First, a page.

Two different radiographic contrast media (RCM), iothalamate and iodipamide, induced the activation of several complement (C) components in normal, genetically C2-deficient and agammaglobulinemic human sera in vitro. This activation was dose dependent and demonstrable by a reduction in whole C as well as C4, C2, C3, and C5 hemolytic activities. C6, C8, and C9 hemolytic activities were unaffected. Concommitant with the loss of C3 hemolytic activity was the appearance of C3 proteolytic cleavage products that were identified by immunoelectrophoresis. Both the loss of C3 hemolytic activity and the production of C3 fragments occurred in the presence of 10 mM EDTA, indicating RCM-induced C3 cleavage occurred without participation of the multicomponent C3/C5 convertases of either the classical or alternative C pathways. Furthermore, loss of C3 hemolytic activity was not due to the direct alteration of the C3 molecule by RCM because purified C3 was unaffected upon incubation with RCM at a concentration that induced 80% reduction in the C3 hemolytic activity in normal human serum.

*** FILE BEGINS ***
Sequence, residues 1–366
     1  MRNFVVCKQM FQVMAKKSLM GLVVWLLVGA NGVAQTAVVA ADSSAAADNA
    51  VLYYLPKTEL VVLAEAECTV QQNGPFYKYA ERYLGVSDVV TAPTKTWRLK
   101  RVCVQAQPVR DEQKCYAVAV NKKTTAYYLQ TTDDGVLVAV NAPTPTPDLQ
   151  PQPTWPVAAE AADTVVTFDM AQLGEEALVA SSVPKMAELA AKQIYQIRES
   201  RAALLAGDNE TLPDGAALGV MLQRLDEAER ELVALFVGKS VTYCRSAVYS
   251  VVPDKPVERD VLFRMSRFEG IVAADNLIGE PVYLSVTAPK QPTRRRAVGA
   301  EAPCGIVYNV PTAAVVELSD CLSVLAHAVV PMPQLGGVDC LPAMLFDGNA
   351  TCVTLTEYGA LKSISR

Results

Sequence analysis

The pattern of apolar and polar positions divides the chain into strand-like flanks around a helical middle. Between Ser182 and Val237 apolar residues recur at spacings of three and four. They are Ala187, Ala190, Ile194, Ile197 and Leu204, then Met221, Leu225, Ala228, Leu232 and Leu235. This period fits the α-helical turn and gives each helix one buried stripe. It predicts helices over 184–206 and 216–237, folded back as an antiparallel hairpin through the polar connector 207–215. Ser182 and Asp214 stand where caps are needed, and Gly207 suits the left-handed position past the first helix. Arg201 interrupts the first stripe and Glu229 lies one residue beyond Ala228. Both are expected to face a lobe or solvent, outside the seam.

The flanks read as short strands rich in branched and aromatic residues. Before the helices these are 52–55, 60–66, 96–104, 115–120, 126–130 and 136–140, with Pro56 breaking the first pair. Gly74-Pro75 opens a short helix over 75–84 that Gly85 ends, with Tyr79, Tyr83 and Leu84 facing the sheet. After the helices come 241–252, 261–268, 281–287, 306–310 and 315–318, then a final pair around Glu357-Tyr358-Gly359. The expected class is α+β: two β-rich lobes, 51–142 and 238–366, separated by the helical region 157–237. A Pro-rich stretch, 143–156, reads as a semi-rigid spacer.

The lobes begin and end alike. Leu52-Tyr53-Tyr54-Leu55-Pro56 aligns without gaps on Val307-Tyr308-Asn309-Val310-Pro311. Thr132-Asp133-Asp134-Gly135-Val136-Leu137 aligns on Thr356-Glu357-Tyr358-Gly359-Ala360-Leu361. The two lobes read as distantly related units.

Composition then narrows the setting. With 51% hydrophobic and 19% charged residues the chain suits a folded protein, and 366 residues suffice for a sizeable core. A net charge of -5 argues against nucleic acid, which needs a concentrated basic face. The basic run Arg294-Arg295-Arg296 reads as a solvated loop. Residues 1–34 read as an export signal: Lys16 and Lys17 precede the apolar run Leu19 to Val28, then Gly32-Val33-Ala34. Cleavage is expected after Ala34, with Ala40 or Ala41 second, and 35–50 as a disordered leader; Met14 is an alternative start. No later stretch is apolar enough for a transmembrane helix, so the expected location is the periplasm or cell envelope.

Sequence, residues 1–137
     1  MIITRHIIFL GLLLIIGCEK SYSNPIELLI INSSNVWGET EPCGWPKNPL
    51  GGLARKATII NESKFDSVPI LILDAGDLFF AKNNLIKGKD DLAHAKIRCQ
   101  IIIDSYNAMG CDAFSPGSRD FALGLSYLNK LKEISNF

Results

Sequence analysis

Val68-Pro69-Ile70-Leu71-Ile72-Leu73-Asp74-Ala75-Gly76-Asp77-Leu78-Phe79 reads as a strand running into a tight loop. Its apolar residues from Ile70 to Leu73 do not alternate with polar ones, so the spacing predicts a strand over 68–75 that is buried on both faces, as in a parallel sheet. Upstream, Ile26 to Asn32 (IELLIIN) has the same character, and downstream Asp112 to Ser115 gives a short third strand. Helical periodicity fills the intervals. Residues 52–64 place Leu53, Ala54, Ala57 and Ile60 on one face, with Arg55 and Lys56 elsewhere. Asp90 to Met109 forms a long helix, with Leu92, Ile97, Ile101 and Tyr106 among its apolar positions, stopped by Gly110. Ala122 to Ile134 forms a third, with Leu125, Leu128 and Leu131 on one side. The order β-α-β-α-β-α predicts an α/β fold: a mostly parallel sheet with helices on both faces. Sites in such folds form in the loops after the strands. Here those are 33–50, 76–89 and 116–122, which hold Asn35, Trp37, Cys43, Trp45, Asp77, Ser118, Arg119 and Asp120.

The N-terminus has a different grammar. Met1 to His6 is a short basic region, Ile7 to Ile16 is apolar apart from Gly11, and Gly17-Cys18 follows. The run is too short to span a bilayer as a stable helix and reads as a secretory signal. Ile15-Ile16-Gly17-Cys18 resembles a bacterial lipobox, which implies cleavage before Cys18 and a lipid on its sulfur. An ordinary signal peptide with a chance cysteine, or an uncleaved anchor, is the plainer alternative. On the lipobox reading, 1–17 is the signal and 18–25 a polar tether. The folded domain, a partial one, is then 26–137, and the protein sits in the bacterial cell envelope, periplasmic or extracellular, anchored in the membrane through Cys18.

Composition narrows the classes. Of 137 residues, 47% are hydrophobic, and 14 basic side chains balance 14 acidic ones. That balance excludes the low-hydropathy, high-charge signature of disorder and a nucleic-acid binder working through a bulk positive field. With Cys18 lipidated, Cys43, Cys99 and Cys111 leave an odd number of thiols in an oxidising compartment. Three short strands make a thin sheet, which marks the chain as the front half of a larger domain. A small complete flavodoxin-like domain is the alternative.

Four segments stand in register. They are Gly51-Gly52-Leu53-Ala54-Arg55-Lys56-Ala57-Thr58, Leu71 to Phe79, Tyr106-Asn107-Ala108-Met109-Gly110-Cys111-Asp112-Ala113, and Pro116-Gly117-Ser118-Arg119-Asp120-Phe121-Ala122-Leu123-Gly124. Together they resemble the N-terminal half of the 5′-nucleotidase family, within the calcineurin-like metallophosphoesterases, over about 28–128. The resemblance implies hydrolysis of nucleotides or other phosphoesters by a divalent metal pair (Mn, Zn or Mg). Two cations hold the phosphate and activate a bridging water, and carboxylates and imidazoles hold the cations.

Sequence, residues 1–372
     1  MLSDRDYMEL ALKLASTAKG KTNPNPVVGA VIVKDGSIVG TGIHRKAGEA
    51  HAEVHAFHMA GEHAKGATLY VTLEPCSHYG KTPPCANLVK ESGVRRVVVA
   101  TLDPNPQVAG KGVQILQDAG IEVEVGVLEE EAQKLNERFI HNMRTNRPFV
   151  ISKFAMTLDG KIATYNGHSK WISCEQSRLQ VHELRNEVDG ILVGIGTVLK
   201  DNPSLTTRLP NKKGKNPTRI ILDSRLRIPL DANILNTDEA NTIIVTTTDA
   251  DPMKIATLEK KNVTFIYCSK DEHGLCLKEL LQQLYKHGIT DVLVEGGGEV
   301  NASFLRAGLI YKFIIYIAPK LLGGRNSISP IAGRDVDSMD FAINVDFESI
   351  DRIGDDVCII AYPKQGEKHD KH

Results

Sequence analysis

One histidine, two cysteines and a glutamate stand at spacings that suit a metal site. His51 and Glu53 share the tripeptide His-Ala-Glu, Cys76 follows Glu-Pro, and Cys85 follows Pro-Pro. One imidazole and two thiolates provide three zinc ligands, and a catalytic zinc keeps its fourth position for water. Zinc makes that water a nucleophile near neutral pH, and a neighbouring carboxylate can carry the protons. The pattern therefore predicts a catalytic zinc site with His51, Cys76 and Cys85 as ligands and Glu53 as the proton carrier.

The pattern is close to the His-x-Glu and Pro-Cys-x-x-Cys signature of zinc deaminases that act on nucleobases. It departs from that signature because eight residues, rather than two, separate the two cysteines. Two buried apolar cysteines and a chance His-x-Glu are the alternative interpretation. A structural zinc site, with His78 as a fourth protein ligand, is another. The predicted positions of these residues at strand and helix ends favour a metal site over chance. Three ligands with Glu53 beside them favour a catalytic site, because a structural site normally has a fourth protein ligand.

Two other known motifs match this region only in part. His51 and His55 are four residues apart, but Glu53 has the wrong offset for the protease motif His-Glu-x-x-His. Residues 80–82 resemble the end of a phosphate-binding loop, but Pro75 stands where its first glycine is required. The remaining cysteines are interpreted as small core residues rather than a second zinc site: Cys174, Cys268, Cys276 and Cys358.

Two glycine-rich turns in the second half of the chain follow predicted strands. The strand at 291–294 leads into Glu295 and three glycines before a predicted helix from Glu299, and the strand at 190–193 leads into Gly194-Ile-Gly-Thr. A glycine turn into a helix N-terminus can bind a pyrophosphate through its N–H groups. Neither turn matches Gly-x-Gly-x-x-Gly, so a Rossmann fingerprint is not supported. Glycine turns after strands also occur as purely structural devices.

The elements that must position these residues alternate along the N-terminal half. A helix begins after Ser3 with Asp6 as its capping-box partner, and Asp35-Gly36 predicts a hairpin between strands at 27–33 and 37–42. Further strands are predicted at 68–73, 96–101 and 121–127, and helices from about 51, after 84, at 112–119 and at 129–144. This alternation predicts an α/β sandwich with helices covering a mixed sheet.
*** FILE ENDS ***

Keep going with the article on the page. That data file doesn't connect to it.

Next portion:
Serum samples obtained from 40 patients, before and 30 min after undergoing i.v. pyelography, revealed no significant change in total hemolytic C activity; 34 patients received sodium and methylglucamine diatrizoate and six received sodium iothalamate. Hemolytic C3 levels were also determined for the six patients before and 30 min after administration of sodium iothalamate and no significant change in activity was detectable.